by Debra Fuccio
Hablas castellano? Yeah, me either. Or I should really say “un poco” now. For the past three months in Buenos Aires I have been experimenting with different ways to learn Spanish. I must admit right away that I am NOT one of those linguistically talented people. In high school, at University and later while traveling in various locations around the world I have tried and tried again to learn languages such as German (I liked the sound of it in my teens), Spanish (fulfilling my Uni language requirement, and I thought it would be useful living in California), Italian (my genetic heritage, so I thought it might be easier to learn. HA!) and Mandarin Chinese (while working in Taiwan about a year ago).
I must also admit that no where else have I been as intrigued, drawn in, and downright entranced by a language as with Castellano. It simply has a mesmerizing affect on me. I can’t explain it, but I am delighted that for once the frustration of trying to learn a new tongue is not stopping me. There are far more moments here that I am willing to sound like a monosyllabic two year old than anywhere, at any other time in my life.
Once I decided to at least TRY and learn Castellano, I researched many options. I am here living on a meager savings account and have a newfound repulsion for working. This meant that if I was to add studying Spanish to the already full plate of writing a book, doing volunteer work, and doing research on another book about this culture, I was going to have to do it cheaply!
Thus when I heard that the University of Buenos Aires (UBA) has semester long classes for about $200 US (570 pesos) I thought “excellente”! But I was one month away from the next session. Onto plan B. I started to search for both private/intensive language schools and private tutors. I watched a few classes at some private schools around the city and met with a few private tutors. The combination of cost and length of instruction were ultimately the final deciding factors. I found an intensive class in the Congresso neighborhood, at the Ibero Language School, that I liked. And to be fair, they were the cheapest, $120 US per week for 20 hours of class versus the more common $200 US per week for the same amount of time in class. I decided to take one week of class to get some of the vocabulary and accent down and self study until UBA started. BUT, my teacher was so wonderful (Thanks Paula!) and there were only two of us as students in the class, including myself. By the end of the first week I felt so much better about my Spanish, I signed up for a 2nd week with no hesitation!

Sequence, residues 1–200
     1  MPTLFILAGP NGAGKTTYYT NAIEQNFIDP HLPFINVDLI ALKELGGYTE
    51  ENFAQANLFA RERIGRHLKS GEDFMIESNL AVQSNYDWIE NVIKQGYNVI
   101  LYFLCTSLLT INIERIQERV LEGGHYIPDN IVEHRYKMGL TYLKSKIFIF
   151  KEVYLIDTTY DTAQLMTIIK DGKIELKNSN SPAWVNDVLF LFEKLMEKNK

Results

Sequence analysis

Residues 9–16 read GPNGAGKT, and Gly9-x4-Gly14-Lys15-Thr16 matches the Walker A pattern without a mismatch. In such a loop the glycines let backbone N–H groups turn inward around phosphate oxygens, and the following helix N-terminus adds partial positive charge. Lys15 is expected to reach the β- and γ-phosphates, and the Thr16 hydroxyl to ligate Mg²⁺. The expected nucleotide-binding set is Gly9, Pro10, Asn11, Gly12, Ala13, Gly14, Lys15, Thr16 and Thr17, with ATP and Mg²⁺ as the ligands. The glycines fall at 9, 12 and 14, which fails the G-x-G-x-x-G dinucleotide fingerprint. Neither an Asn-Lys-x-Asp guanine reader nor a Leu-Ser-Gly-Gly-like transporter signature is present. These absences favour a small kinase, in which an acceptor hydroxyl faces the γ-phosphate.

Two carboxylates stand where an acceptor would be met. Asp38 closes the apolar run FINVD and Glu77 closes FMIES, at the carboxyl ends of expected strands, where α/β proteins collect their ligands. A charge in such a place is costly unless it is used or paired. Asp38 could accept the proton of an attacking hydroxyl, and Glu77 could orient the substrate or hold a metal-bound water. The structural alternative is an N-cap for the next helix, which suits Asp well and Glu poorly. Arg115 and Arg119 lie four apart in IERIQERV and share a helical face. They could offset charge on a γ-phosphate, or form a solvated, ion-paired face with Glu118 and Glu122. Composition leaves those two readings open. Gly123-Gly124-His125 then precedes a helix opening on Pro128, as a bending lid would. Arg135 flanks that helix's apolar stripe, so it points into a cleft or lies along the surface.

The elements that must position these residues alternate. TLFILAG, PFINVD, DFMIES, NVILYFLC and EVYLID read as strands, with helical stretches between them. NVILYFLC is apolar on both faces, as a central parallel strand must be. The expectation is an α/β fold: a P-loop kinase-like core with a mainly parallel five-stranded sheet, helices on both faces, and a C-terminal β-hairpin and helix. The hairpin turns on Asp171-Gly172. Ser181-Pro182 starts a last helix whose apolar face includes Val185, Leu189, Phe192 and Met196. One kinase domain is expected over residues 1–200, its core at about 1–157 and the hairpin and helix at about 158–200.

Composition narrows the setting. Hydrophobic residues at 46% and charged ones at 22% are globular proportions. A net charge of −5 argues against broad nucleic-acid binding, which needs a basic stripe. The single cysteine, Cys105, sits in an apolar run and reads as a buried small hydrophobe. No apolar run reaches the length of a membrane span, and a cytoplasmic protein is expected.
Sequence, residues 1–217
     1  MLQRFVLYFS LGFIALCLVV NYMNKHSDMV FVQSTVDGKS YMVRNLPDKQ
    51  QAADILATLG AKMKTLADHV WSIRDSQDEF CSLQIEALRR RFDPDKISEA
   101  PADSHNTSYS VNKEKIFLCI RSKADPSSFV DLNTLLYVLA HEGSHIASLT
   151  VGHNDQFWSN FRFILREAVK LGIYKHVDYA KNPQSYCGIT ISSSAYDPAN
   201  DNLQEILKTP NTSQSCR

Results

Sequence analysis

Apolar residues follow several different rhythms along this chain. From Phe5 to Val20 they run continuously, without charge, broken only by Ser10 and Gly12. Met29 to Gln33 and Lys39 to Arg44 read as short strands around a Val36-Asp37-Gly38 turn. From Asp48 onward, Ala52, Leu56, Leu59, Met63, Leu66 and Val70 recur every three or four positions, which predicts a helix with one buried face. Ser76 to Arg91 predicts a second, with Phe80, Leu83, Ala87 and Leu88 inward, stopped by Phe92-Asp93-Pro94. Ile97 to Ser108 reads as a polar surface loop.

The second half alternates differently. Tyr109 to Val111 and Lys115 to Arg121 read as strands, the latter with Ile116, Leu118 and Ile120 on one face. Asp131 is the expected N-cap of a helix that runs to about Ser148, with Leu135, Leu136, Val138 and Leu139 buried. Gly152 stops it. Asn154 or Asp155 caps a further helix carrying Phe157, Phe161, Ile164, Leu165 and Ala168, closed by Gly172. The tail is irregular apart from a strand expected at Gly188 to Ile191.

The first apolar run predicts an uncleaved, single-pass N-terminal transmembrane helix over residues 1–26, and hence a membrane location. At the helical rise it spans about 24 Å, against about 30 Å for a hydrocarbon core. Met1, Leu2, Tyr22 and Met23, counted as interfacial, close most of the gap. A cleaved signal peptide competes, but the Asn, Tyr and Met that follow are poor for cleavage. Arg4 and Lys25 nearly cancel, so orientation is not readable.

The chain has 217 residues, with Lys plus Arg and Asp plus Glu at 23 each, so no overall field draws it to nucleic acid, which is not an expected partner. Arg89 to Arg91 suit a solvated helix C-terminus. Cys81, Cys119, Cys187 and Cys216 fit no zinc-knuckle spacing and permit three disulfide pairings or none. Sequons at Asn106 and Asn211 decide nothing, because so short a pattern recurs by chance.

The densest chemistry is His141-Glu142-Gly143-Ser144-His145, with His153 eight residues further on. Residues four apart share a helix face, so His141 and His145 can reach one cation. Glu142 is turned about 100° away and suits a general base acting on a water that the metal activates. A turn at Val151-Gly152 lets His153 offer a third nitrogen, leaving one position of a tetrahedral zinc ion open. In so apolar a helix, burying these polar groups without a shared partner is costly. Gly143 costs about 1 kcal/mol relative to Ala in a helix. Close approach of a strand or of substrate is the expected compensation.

The second week went just as well if not better, but then the reality of my budget came into play and I was free of classes during a long 10 day gap before my UBA classes started. This is when I played with alternative ways to learn Spanish. There are people who can just sit down in a café and start chatting with someone and learn a language, I am not that person. So I knew right off that I would need a situation more intentional and personal. This is when I posted a few ads for language exchanges. I posted a few ads in my neighborhood on physical billboards. Then I was also referred to a local student travel website, Asatej, where they have an “Intercambio” bulletin board. Immediately the emails came rolling in. It hasn’t been easy with scheduling, personality differences, geographic variances, and weeding out the occasional man using this method as a dating tool, but I have two semi-consistent language exchange partners and hope to add one more soon.